Could not it be the case that science today presents things in a way to believe in evolution? I mean why what so called the fossil record is a proof of evolution? Why the similarities between different animals DNA is a proof of evolution? Why similarities in animals structure is a proof of evolution? Aren't these just guessing? I heard many evolutionists, and their language is dominated by "probably" and "it makes more sense". Which means these are just guessing. Am I wrong?

Thanks
Sure there are a few people with PhDs in biology or biology related fields that reject evolution. You'll find looking in to it though, creationists who did the foot work to get the degree to try and make their arguments ones from authority. Regardless of their credentials they are still rejecting it for non-scientific reasons.

Yes, you are wrong. It isn't "just guessing". You might find an educational book written for the biology laymen instructive: such as the greatest show on earth
Drakkith
#12
Nov15-12, 11:12 AM
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I don't see what the problem with this speciation thing is. We have evidence of new species occurring in both single and multicelluar organisms. Plants and animals. I believe the FAQ on evolution here in the forum has a link to a site that explains it. If not a Google search should bring up plenty of hits. Is post it myself but I'm on my phone.
S_David
#13
Nov15-12, 11:21 AM
P: 599
I think science and theology work on different levels, and we can not use the scientific methods to prove a theological truth. God and spiritual realities are realized by experience on different levels.

If there is possibility that God created things, and not necessarily the way it is today, because life is a dynamic process, and adaptation is a necessary quality for living beings, why evolution is thought in schools as a fact? I understand that there are evidences, but as we agree, these evidences may have different justifications.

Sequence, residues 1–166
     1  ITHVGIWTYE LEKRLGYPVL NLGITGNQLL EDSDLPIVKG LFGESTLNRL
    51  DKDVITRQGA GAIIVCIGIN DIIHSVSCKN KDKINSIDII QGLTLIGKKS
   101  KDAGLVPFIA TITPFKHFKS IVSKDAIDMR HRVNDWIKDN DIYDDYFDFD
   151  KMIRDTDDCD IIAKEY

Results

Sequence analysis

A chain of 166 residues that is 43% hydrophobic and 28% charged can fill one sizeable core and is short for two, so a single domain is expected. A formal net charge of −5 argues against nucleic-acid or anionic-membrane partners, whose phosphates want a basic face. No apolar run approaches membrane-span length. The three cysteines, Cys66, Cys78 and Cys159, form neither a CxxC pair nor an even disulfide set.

Now, I am not asking to teach creation or to involve God in the academic framework, but mixing science with something beyond science like the origin of life (which is a direct consequence of the evolution theory) is not scientific to me, at least so far. At the same time, use theology to explain science does not fit as well. In between, evolution is controversial as it seems to me.

bobze, because of this I said from the very first post that I am interested in biologists who are not creationists or at least so do not believe in creation science, which I think their justification will be more reliable.
Drakkith
#14
Nov15-12, 11:29 AM
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Both evolution and abiogenesis easily fit within the framework of the scientific method and as such are feasible scientific theories. Evolution is so close to fact that no one can seriously argue that it isn't. Abiogenesis is slightly less so, but only because we have yet to verify that it is possible. But we are getting closer every day.